Weather Reporting in the Age of Information

May 16, 2017

There was a time when most people got their weather news in one of two ways: either from a broadcast meteorologist on TV or radio, or from the weather page in the print edition of the daily newspaper.

Of course, those sources still exist today, but they exist alongside a myriad of other sources - from 24/7 TV weather networks and to apps on your smartphone, to an icon in the lower corner of your computer monitor and to the dashboard of your car. And for people who are especially motivated, there are countless websites that promise levels of weather sophistication that weather geeks could only have dreamed of 20 years ago.

And that makes the once simple business of delivering weather information  a bit more complicated.

"Everybody who is an individual user has a different set of expectations. That, I think, becomes one of the biggest challenges," says Mike Westerndorf, operations manager for Innovative Weather and an occasional Lake Effect contributor.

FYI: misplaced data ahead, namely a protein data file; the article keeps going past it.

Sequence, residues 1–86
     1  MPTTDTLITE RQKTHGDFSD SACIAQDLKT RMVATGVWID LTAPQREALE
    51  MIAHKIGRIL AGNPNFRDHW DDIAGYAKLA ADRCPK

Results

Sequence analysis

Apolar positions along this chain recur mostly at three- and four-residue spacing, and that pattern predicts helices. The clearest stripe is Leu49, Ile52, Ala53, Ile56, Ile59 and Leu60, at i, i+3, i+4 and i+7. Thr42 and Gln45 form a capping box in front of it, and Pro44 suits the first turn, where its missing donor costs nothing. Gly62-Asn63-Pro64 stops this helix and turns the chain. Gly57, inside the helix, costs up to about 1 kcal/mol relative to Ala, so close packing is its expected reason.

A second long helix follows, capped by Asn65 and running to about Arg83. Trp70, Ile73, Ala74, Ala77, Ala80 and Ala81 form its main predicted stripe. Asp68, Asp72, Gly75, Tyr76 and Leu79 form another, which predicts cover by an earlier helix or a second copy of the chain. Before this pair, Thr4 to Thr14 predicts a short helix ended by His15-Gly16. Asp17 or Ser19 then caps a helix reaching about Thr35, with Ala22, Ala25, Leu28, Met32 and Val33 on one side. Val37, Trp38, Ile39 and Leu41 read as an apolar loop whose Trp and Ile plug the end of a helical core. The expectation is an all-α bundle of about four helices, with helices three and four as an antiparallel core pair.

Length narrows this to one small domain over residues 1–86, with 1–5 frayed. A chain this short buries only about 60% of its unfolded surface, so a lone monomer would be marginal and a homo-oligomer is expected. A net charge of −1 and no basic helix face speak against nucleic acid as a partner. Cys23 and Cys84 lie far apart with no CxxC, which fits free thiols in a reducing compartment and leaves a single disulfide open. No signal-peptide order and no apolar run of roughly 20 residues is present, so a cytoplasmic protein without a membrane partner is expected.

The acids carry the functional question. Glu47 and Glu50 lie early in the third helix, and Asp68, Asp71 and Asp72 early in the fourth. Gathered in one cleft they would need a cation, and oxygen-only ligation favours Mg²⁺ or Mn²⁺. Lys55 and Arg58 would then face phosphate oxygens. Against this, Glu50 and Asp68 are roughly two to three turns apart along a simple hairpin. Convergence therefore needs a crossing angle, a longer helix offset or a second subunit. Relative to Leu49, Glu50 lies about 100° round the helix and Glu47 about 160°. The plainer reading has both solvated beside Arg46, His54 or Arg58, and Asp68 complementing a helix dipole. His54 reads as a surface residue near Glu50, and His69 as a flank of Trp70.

"For just our listening audience, we have people who are going to be out on Lake Michigan and we have people who are going to be playing softball or volleyball, and we have people who are going to be inside all day," he continues. "And all of them, when they say, 'What's the weather like for me?' It all has different connotations." 

Often when people are looking for the forecast, they're not presented with the full picture. Westendorf advises people to be more critical of the information they view, particularly online and through apps, which might not be representative of the weather that will impact them. 

"That's one of the things that we don't really think about," he says," who the made the forecast? Where did it come from? Was it looked at by a human being, is it just model data? What does it mean?" 

He says the numerical representation of the weather isn't always a sufficient indicator of what the weather will actually look like, and people aren't always equipped to interpret those numbers for themselves. 

"I think the important thing for us as a public to remember is: there's a difference between data and somebody who walks with you to interpret that data," says Westendorf.